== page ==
A powerful Pacific storm barreled across the length of California on Tuesday, forcing thousands to evacuate their flood-ruined homes, prompting rescue workers to dangle from helicopters and pluck endangered residents from torrential rivers and further inundating a state already brought to its knees by a weeklong series of brutal weather systems.
Torrents also continued to pound Southern California, sending rivers of mud sliding down hillsides from Santa Barbara County to Mexico.
The storms granted a reprieve to water-weary residents of Napa and Sonoma counties, where the Russian and Napa rivers were expected to be below flood level by this morning. But the respite may be brief. More rain - possibly lots of it - is on the way the rest of the week.
And from the north to the south, much of the damage already has been done. At least five are dead as a result of the tenacious winds and relentless rain. Thousands are homeless. President Clinton declared 24 counties in the state major disaster areas and promised federal money.
It was the Sacramento area’s turn Tuesday as nearly 5 inches of rain fell in a 24-hour period. In Sacramento, intersections and neighborhoods were under water. Just north, in Rio Linda, an estimated 5,000 people abandoned their homes in the face of rising water.
“We’ve made a couple of dramatic rescues of people off the tops of roofs in the Rio Linda area,” said Sharon Telles, Sacramento County sheriff’s spokeswoman. “There are parts in there where (the water) is up to the tops of street signs.”
In outlying areas, creeks poured over their banks with little warning, flooding 400 square miles of Placer County. Overflow from Dry Creek forced hundreds of evacuations in Roseville, including 300 residents of a retirement home. About 100 of the elderly residents refused to go.
“This is worse than the ‘86 flood,” Roseville city spokeswoman Marilyn Bartell said, recalling the devastating regional floods nine years ago.
No question, the storms of 1995 will take their place with the 1986 disaster. Few areas of the state have been spared so far, and the stormy weather is not over. Hundreds of flood victims statewide were in shelters Tuesday night. Countless more were with friends and relatives or in motels.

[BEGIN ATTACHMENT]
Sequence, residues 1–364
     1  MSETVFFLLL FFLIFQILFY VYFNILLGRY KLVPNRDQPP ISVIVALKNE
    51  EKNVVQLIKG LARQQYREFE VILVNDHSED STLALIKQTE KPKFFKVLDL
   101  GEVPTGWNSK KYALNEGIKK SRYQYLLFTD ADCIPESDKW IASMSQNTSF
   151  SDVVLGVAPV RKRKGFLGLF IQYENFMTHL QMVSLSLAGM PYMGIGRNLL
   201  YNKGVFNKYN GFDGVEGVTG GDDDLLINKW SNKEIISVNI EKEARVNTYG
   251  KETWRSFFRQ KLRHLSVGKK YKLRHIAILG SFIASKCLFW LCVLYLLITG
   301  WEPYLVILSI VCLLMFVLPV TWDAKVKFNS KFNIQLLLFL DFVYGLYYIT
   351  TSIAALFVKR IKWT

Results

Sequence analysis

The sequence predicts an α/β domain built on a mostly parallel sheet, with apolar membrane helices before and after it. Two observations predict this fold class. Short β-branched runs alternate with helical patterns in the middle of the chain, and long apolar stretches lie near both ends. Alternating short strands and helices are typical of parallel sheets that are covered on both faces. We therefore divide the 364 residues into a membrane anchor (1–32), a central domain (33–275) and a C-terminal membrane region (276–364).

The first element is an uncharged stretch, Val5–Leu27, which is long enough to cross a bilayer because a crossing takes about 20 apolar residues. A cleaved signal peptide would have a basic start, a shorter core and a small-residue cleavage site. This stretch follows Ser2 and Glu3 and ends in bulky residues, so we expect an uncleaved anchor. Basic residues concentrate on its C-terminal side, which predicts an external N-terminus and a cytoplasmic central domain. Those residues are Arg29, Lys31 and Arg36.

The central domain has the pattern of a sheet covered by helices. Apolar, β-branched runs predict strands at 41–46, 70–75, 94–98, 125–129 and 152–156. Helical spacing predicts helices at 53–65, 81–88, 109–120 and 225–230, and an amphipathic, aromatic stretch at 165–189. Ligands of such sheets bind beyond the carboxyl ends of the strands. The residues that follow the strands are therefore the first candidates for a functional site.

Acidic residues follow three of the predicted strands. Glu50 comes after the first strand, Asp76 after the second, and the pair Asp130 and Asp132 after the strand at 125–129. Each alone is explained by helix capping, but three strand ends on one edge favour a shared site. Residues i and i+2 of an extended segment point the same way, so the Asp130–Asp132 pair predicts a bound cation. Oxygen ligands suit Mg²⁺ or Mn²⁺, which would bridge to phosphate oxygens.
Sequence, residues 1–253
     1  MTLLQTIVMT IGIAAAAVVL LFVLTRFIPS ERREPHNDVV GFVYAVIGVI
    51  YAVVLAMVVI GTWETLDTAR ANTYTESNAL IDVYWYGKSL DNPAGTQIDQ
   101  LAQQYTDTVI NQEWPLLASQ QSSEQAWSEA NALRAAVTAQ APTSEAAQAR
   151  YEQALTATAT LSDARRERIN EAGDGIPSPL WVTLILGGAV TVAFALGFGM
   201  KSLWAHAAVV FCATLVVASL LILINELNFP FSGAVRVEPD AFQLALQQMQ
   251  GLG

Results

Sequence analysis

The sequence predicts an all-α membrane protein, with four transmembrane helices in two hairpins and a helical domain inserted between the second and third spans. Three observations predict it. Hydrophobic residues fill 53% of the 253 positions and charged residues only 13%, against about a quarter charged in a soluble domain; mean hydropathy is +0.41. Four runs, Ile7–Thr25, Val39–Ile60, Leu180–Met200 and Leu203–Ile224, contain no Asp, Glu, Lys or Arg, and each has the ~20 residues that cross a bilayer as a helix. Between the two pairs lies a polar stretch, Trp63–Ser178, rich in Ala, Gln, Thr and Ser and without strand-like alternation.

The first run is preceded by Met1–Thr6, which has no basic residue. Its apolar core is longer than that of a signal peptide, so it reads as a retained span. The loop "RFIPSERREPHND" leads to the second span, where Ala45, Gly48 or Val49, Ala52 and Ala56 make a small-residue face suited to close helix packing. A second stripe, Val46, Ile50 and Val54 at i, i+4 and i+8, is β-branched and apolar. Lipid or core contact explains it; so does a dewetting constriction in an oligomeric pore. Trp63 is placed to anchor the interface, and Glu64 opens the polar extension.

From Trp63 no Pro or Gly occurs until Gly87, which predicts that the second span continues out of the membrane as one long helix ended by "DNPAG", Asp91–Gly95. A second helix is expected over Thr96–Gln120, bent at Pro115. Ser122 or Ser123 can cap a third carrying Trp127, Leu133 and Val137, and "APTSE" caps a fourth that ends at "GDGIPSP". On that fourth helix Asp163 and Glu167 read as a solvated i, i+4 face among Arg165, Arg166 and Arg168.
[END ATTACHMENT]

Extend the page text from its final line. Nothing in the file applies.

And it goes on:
Santa Barbara, where just a few years ago some residents painted drought-parched lawns green, was all but cut off from the rest of the world by flooded highways and an airport closed by flooding and mud.
Ventura County firefighters made more than a dozen rescues from rooftops and the swollen Ventura River. There was an unconfirmed report of one death in the river.
In Malibu, muddy water roared from the canyons to the sea, plowing across the Pacific Coast Highway and through a local landmark nursery and several homes along the way.
“Earlier, I was advising people to run to the hills, but I’m afraid the hills will go,” said meteorologist Robert Baruffaldi.
Forecasting more rain for Southern California, he said, “The best thing may be to build an ark and ride it out.”
There aren’t many dry places left.
State officials reported significant damage to the historic downtown of Ferndale, in Humboldt County. A levee broke in Yountville, flooding a mobile home park. About 760 homes in Murrieta, Riverside County, were evacuated. The Bay Area was bedeviled by flash floods and mud slides.
About 200,000 people were without power in the state.
In Southern California, at least 33 people were pulled from the Ventura and Santa Clara rivers, some by helicopter; three were hospitalized for hypothermia, authorities said.
Many of those rescued were residents of homeless encampments along the river bed. They had been warned on Monday to move to higher ground, but few listened.
Ninety miles of railroad track between Los Angeles and San Luis Obispo were submerged, forcing cancellation of Amtrak service.
The Federal Aviation Administration slowed traffic west of the Mississippi to avoid traffic snarls. Two of San Francisco International Airport’s four runways were closed Tuesday because of high winds; some flights at Los Angeles International were delayed, but runways were open.
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sponsored According to two 2015 surveys, 62 percent of Americans do not have enough savings to handle an unexpected emergency, much less any long-term plans.